When the chase reached the Three Forks of the Missouri River in the autumn of 1832 Vanderburgh and Dripps separated. From here Dripps continued his pursuit of the Rocky Mountain Fur Company men, and Vanderburgh, with about 50 men set about trapping the beaver rich streams in the Three Forks area. On October 6, Vanderburgh’s brigade encountered some trappers from the Rocky Mountain Fur Company who had managed to separate themselves from Dripps. According to Ferris (reference) “They had caught but few beaver, and were several times alarmed by parties of Indians, who were lurking about them, but as yet no person had been injured.” This exchange of intelligence suggests that although relations between the two companies may not have been cordial, the men were still on speaking terms. The two parties camped in the same general area until October 11, 1832 when the Rocky Mountain Fur Company trappers raised camp and moved upriver with the intention of trapping its sources. On October 12, Vanderburgh’s brigade raised camp and moved downriver.
Two days later, as Vanderburgh’s brigade was moving camp, they discovered the remains of a freshly butchered buffalo. Signs indicated only a small band of Indians was responsible. The trappers encamped while Vanderburgh and seven other men (including Ferris) went out to assess the threat. This party had proceeded about six miles from camp along the river. As they approached a grove of trees, expecting an ambush, they were without warning ambushed. Here are Warren Ferris’ words (Reference) “Suddenly the lightning and thunder of at least twenty fusils burst upon our astonished senses from the gully, and awoke us to a startling consciousness of imminent danger, magnified beyond conception, by the almost magical appearance of more than one hundred warriors, erect in uncompromising enmity - both before and on either side of us, at the terrifying distance (since measured) of thirty steps.” In the confusion of the assault, every man saw to his own safety. Vanderburgh and a trapper named Pilou were slain and others were wounded. Here is Warren Ferris’ description of the attack and death of Vanderburgh.
Of Vanderburgh, Ferris latter eulogizes; “Thus fell Wm. Henry Vanderburgh, ….. Bold, daring and fearless, yet cautious, deliberate and prudent; uniting the apparent opposite qualities, of courage and coolness, a soldier and a scholar, he died universally beloved and regretted by all who knew him.”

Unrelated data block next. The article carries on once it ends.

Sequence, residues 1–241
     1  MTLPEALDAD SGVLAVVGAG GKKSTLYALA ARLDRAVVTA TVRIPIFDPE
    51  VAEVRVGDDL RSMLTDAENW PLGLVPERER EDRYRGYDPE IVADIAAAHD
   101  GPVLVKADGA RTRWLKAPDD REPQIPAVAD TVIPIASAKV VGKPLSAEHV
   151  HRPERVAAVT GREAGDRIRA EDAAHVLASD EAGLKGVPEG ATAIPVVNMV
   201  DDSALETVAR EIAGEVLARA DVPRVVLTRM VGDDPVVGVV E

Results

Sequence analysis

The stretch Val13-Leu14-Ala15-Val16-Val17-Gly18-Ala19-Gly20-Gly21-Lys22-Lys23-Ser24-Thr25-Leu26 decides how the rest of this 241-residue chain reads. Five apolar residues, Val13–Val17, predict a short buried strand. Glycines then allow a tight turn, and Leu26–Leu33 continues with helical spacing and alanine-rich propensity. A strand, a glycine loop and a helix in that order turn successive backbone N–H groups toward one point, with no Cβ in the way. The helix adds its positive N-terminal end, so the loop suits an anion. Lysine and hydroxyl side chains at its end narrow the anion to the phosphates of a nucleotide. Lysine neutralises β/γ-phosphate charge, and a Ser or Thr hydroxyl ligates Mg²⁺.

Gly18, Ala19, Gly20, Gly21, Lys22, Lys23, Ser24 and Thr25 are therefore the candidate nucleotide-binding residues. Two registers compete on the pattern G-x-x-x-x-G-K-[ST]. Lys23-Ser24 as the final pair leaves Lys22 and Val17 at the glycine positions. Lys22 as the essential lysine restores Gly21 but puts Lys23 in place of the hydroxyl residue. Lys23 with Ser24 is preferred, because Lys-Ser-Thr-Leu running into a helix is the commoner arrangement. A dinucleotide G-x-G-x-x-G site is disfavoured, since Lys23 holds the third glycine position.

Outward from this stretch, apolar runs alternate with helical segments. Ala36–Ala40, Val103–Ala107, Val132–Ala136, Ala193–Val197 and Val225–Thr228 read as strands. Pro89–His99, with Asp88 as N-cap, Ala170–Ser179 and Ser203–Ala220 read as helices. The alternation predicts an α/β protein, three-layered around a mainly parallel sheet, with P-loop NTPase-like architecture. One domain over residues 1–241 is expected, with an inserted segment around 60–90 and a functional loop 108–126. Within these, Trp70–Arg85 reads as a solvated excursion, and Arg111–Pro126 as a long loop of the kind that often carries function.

Several days later the trappers returned to the scene of the ambush. Pilou’s body was recovered and buried, but no trace of Vanderburgh’s body could ever be found.
In later years, others who did not participate in the events of that day suggested that the Rocky Mountain Fur Company men had deliberately lead Vanderburgh’s brigade into the ambush. In my opinion these accusations are without basis. That the country was dangerous there can be no doubt; but it was equally so for the Rocky Mountain Fur Company men as for the American Fur Company men. The Blackfoot Indians were hostile to any invaders they found in their country, regardless of employer. Furthermore, the Rocky Mountain Fur Company had departed for the Blackfoot Country weeks before the American Fur Company men had received their supplies for the fall hunt. Even if there had been rumor at rendezvous that they were to be trailed by the Vanderburgh and Dripps, the decision on where to conduct their fall hunt took place without an active pursuit in place. The last encounter between Vanderburgh’s brigade and men of the Rocky Mountain Fur Company had taken place three days before the ambush. And though relations between the two groups may not have been cordial, from the record of Warren Ferris, neither do they seem have been overtly hostile. And finally, Warren Ferris, who was a participant in the events of that day in no way suggests that the Rocky Mountain Fur Company was involved. Just the opposite, Warren Ferris shows that there was a series of decisions made based on observations and circumstances specific to that day that lead to Vanderburgh’s death.